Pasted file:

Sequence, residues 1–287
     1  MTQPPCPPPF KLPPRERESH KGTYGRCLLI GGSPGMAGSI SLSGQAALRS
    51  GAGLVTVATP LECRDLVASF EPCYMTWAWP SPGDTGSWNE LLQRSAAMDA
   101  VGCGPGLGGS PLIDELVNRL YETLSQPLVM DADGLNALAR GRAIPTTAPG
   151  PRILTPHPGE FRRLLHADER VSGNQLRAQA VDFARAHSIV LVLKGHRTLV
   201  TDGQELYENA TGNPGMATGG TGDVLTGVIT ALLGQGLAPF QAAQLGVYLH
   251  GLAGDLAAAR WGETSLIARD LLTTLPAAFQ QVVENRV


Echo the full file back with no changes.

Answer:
Sequence, residues 1–287
     1  MTQPPCPPPF KLPPRERESH KGTYGRCLLI GGSPGMAGSI SLSGQAALRS
    51  GAGLVTVATP LECRDLVASF EPCYMTWAWP SPGDTGSWNE LLQRSAAMDA
   101  VGCGPGLGGS PLIDELVNRL YETLSQPLVM DADGLNALAR GRAIPTTAPG
   151  PRILTPHPGE FRRLLHADER VSGNQLRAQA VDFARAHSIV LVLKGHRTLV
   201  TDGQELYENA TGNPGMATGG TGDVLTGVIT ALLGQGLAPF QAAQLGVYLH
   251  GLAGDLAAAR WGETSLIARD LLTTLPAAFQ QVVENRV